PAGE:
Born in 1850 as a slave. Sarah E. Goode was the first African American woman to receive a patent in the United States. Her invention of the cabinet bed was inspired by the environment she lived in where many people lived in small houses that did not have room for large pieces of furniture. When the bed was folded up it looked like a desk and it had storage areas as a desk.
"How far you go in life depends on your being tender with the young, compassionate with the aged, sympathetic with the striving, and tolerant of the weak. Because someday in your life you will have been all of these" ---George Washington Carver
George Washington Carver. It is rare to find a man of this caliber. A man who would decline an invitation to work for a salary of more than 100,000 a year (almost a million today) to continue his research on behalf of his countrymen. As an agricultural chemist, Carver discovered three hundred uses for peanuts and hundreds more uses for soybeans, pecans and sweet potatoes. Among the listed items that he suggested to southern farmers to help them economically were his recipes and improvements…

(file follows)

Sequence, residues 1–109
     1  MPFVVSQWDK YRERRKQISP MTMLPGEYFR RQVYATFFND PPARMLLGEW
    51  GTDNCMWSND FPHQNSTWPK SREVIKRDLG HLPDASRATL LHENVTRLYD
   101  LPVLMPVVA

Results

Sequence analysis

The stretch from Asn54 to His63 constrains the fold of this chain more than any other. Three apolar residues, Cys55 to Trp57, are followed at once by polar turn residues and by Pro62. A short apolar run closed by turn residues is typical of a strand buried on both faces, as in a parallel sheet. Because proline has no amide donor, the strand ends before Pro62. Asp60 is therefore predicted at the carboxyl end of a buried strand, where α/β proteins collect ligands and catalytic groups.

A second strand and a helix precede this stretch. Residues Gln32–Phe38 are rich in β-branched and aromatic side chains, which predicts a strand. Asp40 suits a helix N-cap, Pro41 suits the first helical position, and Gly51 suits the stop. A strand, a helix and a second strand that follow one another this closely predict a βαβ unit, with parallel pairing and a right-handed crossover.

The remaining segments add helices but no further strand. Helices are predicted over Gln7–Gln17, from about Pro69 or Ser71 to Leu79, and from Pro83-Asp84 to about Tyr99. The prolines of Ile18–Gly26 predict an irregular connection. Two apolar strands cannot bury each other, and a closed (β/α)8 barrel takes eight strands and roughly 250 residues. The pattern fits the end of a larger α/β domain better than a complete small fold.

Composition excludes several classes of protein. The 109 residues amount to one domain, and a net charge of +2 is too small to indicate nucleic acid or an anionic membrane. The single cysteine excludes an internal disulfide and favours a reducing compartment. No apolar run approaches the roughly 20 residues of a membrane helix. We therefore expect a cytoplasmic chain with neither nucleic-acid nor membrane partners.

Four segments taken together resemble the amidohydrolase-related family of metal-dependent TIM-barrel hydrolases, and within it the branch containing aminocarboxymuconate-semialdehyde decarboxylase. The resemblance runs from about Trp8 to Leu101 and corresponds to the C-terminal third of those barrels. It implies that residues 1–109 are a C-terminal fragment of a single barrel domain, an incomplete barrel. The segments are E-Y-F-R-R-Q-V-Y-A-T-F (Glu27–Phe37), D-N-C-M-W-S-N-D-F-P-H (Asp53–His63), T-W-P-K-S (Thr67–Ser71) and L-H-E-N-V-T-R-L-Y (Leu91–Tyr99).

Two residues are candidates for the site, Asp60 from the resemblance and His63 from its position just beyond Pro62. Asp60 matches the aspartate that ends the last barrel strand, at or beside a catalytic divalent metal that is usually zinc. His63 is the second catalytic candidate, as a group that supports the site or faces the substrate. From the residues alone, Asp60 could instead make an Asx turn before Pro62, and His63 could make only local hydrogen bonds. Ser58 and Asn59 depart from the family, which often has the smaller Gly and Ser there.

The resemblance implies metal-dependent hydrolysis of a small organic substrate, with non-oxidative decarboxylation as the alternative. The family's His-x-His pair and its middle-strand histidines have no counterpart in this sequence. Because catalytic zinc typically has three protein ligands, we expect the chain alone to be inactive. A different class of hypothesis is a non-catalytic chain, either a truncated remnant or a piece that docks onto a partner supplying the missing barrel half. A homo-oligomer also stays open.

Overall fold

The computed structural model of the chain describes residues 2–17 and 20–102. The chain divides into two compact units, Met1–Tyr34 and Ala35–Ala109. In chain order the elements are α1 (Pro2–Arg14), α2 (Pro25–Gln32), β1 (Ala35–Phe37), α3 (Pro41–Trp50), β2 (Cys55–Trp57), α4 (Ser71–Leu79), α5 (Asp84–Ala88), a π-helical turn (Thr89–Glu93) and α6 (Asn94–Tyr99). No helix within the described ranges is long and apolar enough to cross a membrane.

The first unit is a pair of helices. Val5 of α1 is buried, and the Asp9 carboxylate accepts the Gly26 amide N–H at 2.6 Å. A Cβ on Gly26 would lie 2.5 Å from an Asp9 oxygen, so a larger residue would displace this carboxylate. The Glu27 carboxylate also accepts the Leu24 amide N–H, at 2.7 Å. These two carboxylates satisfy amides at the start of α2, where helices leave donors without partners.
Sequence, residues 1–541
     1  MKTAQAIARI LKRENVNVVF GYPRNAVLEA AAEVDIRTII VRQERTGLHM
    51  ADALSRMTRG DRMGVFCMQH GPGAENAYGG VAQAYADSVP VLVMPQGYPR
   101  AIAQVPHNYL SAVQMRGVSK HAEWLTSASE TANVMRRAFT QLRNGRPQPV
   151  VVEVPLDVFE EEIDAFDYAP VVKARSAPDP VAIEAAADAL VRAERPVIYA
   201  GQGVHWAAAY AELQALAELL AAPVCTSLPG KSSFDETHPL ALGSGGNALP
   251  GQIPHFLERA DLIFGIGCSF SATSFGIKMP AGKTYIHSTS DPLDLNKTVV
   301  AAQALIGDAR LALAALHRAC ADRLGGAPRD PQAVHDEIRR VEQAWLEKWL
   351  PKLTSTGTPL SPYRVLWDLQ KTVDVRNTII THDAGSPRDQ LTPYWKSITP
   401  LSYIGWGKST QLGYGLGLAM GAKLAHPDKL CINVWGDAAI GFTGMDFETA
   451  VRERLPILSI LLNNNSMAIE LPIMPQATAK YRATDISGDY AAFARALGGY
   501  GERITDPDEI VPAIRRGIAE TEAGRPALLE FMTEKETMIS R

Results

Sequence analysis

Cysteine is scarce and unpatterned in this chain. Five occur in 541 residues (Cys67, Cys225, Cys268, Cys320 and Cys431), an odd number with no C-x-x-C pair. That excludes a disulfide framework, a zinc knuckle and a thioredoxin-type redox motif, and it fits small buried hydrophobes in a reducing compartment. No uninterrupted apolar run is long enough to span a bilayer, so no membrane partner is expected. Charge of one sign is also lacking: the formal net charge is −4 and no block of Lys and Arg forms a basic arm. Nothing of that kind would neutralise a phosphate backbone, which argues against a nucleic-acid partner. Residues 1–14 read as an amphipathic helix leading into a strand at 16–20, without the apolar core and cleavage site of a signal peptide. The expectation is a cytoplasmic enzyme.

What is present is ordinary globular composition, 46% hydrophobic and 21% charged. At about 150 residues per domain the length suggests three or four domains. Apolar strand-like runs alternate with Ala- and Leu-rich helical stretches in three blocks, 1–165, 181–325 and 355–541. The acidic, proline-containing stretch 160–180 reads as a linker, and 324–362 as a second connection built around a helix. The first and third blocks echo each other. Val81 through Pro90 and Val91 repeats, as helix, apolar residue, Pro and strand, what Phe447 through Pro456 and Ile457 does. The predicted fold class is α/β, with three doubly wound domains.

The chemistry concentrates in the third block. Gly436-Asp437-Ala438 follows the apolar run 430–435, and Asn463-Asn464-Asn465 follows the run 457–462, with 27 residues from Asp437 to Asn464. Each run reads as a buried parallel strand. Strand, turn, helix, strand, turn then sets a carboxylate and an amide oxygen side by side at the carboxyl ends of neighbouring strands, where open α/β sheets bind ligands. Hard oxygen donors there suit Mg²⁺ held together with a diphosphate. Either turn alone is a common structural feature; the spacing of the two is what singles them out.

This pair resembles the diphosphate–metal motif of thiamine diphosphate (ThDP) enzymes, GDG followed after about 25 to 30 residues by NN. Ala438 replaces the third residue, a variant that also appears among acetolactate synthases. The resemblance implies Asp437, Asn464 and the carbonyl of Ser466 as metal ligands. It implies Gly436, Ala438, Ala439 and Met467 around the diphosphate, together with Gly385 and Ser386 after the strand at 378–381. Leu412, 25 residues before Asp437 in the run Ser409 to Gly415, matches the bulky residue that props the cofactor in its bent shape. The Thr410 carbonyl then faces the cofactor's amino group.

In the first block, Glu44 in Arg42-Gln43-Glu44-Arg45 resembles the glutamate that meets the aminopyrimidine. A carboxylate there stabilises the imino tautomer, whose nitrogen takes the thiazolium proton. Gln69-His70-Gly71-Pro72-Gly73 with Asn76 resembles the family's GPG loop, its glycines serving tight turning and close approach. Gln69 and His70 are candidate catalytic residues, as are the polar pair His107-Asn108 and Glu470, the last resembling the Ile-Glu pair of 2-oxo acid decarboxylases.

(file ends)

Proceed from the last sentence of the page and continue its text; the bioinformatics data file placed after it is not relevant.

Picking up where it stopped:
Dr. Marie Daly was a trailblazer in the field of biochemistry, and was the first African-American woman to earn a Ph.D. in Chemistry. Daly was a pioneer in researching the connection between high cholesterol and heart disease.
PATRICIA BATH, (Nov.4, 1942-Present) Inventor - In 1981 she began work on the "Laserphaco Probe." It utilized a laser and two tubes, one of which served for irrigation and the other for suctions (aspiration). The laser was used to make a small incision in the eye and the laser would quickly vaporize the cataracts. She was the 1st Black person to complete a residency in ophthalmology in 1970. Her parents instilled within her a feeling of opportunity and excitement for her future.